With a formal ceremony, the construction of an aqueduct began, which will transport water from the Sandillal reservoir to the city of Cañas and the Bebedero community, in Guanacaste, so that its inhabitants can consume water without arsenic approximately within of 1 year and a half.

As reported by the Costa Rican Institute of Aqueducts and Sewers (AyA), officials of the Government of Costa Rica this afternoon placed the 1st tube of the “Drinking Water Supply Project for Cañas-Bebedero”, which will benefit 26,591 people from Cañas, Palmira, San Miguel, Drinker and Porozal.

The construction will be possible by a donation from the Government of China for an amount of ₡ 9.736 million and the construction company will be China Urban Construction Research Institute (CUCD).

Sandillal Reservoir, the Costa Rican Electricity Institute (ICE) catchment works, a water treatment plant, a pumping station, impulse pipes and conduction of the plant to the tanks and to the Bebedero community, and their respective interconnections will be built.

Partial view of the Sandillal reservoir and the water treatment plant

Communities are affected by pollution

The state intervention so that the people of the affected communities do not remain exposed to arsenic implies a safe system of drinking water supply for consumption, to prepare food and to irrigate food crops.

According to a report by the Ombudsman’s Office 2014, when people are exposed to low doses of arsenic in chronic form with drinking water, chronic endemic regional hydroarsenicism (HACRE) can occur, a disease that is characterized by certain Skin lesions and cancerous and non-cancerous systemic alterations. In addition, children exposed during the prenatal and postnatal period may have a lower cognitive development.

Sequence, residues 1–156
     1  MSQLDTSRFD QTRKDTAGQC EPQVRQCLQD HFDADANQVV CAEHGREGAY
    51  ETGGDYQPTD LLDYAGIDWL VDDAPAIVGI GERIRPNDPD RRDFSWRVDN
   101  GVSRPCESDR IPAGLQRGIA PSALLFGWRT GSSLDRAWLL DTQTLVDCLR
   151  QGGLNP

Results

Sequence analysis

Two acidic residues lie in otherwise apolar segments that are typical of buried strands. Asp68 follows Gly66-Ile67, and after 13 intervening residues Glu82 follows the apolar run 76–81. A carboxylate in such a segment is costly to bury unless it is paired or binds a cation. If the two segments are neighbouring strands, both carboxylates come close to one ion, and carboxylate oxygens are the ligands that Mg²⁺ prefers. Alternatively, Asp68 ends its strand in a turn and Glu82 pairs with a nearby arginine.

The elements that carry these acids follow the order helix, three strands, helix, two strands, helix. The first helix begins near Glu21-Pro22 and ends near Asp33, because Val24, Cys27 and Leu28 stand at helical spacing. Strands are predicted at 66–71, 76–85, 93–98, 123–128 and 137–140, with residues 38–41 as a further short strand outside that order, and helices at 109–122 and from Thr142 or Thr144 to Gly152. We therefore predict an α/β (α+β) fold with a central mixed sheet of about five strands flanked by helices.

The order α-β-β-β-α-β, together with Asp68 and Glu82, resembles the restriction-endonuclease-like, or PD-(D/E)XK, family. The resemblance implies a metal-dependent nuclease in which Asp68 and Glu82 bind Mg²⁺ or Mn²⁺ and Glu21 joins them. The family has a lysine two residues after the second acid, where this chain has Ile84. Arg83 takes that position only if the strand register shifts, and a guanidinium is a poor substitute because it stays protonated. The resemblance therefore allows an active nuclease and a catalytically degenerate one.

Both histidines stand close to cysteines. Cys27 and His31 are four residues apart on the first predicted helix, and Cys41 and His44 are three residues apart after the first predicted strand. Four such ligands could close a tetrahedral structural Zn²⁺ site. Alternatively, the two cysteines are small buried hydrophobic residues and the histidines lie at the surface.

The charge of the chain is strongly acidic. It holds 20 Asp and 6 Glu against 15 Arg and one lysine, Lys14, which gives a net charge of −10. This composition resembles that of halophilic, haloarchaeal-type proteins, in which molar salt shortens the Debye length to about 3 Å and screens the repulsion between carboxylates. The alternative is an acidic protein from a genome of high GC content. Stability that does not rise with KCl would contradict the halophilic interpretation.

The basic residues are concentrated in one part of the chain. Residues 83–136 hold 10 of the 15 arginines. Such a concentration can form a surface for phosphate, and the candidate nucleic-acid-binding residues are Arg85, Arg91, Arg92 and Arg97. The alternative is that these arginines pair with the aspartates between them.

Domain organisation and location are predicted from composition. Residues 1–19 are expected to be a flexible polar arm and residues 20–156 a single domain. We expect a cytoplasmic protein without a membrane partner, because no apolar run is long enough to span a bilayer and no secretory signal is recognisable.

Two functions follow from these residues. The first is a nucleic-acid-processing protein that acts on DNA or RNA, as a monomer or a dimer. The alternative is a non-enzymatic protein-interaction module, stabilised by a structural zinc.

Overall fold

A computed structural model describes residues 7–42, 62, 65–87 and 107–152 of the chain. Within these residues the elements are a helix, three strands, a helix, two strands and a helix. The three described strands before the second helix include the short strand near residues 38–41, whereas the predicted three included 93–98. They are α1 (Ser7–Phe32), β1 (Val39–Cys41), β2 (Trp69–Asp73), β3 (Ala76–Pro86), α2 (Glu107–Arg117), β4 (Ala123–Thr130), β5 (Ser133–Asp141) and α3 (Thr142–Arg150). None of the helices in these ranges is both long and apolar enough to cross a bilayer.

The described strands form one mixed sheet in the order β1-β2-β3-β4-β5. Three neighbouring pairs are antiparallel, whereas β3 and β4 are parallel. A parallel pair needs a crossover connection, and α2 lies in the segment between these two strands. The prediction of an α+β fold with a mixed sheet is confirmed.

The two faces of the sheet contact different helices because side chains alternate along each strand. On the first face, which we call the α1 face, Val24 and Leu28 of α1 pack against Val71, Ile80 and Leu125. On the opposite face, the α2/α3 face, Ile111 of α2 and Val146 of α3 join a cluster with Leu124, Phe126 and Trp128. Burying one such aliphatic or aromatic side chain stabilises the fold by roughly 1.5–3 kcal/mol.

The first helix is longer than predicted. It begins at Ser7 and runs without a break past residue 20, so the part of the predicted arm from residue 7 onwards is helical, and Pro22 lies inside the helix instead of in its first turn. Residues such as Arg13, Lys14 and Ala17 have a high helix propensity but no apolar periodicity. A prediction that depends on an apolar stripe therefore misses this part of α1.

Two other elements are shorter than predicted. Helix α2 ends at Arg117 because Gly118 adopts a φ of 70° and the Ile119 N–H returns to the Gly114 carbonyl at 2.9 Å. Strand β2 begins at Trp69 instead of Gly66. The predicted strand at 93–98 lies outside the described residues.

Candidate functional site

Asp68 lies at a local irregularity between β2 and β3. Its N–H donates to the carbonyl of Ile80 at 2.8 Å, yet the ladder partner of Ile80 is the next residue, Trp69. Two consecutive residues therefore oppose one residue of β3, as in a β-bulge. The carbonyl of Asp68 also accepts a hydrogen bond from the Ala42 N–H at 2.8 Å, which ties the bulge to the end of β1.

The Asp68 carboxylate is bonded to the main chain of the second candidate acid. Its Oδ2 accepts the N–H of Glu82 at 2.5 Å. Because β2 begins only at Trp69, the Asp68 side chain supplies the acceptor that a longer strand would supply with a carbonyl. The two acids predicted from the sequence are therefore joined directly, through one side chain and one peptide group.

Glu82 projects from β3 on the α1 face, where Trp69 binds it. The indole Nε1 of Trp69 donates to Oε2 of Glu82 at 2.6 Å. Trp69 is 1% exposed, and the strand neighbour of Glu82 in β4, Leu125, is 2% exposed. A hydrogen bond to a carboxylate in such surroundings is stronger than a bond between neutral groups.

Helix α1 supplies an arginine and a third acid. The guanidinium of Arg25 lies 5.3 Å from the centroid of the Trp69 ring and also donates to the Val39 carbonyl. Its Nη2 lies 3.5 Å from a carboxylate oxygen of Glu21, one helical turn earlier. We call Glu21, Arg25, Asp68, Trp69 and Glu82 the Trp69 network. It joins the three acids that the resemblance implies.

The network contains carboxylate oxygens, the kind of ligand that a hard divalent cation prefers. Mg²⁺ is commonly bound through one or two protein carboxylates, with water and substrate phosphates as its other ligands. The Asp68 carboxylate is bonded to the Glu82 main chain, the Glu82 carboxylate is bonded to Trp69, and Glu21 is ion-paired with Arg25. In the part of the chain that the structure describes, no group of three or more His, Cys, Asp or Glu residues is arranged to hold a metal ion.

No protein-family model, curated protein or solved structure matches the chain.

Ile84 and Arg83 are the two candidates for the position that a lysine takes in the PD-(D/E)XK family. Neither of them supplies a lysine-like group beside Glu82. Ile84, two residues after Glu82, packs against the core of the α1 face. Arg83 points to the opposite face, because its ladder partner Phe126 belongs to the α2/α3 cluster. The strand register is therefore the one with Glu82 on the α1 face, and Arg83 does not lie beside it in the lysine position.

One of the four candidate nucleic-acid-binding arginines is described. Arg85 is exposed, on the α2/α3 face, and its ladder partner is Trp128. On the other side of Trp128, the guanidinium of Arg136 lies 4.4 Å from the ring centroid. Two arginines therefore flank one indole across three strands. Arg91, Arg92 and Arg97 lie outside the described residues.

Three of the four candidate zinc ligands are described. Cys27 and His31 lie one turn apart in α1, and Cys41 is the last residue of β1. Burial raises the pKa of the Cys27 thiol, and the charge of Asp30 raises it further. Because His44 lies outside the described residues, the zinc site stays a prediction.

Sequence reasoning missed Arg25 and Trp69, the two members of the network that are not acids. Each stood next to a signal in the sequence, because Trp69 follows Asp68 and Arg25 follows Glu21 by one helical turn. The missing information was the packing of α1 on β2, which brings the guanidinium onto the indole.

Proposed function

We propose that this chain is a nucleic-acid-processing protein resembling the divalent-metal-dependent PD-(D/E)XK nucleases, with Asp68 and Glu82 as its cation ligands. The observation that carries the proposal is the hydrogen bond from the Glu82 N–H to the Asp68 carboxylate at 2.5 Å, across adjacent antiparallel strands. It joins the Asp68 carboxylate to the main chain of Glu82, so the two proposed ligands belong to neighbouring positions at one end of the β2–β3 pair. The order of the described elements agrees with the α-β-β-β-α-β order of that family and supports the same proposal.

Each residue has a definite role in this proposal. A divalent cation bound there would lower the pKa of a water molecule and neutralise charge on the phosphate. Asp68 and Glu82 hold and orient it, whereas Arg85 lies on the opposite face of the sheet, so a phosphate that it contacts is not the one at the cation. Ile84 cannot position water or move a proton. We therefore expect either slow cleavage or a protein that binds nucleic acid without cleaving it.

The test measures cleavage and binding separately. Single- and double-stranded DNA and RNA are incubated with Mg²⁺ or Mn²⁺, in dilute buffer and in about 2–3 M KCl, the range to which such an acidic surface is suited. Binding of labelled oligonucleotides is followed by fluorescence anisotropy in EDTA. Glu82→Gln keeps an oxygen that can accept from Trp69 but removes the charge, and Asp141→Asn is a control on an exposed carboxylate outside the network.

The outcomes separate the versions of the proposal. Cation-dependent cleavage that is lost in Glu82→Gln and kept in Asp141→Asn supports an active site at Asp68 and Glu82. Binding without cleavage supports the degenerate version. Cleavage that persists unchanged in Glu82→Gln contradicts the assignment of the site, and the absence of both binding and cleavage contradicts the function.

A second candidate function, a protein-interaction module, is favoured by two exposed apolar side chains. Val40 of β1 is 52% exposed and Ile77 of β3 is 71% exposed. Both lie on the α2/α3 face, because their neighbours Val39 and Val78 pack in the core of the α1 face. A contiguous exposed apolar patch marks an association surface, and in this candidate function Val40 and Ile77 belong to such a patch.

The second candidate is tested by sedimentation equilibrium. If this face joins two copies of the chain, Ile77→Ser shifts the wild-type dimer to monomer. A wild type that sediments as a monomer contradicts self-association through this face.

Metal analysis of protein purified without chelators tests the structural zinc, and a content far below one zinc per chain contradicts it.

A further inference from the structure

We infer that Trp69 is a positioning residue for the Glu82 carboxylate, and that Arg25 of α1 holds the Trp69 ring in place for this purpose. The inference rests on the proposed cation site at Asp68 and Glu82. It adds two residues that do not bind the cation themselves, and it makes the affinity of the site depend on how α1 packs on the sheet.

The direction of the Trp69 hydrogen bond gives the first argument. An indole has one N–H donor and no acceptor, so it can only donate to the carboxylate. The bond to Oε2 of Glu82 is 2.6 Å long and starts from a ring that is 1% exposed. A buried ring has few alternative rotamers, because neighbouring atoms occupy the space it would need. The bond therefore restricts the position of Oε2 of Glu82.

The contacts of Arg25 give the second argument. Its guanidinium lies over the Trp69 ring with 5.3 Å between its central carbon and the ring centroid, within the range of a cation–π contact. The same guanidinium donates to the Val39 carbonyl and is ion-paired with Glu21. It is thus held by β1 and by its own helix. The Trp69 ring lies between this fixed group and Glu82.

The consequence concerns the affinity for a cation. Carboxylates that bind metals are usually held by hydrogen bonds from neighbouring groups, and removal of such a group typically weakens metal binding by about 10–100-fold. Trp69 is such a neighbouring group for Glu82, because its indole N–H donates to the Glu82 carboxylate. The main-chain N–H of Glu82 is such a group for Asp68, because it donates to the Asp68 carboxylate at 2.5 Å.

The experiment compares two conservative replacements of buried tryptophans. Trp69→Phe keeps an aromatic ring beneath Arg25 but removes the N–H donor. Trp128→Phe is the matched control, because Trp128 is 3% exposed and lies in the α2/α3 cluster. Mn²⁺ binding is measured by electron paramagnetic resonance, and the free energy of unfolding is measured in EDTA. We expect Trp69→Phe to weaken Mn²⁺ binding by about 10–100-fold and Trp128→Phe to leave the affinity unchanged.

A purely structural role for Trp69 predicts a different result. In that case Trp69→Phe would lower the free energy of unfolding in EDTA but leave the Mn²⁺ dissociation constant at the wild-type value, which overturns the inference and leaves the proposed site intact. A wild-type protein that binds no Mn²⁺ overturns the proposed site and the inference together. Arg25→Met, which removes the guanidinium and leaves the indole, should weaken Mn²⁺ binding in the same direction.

Background:

  • The AyA carries out studies since 2009 on water quality in the area between Cañas and Bagaces, in Guanacaste.
  • Studies have reported amounts of arsenic in water exceeding the World Health Organization (WHO) norm of 10 micrograms per liter in Guanacaste communities.
  • For at least 2 years, the AyA, the Ministry of Health and the ICE knew that there was water for human consumption contaminated with arsenic, but they hid the information from the press and the population, according to a report by the Ombudsman of 2017, which has a copy.
  • In June 2013, the Constitutional Chamber ordered the AyA and the Ministry of Health to solve this problem. The Chamber ruled in favor of the Remedy of Amparo (File 13-004193-0007-CO) filed by a large group of communities from Guanacaste and the north of the country, which alleged water supply for human consumption contaminated with arsenic and lack of solution real to this problem despite the threat of harm to the health of the inhabitants of these communities.
  • Between 2011 and 2015 the AyA installed arsenic removal plants in the ASADAS of Montenegro, Agua Caliente, and Falconiana de Bagaces.
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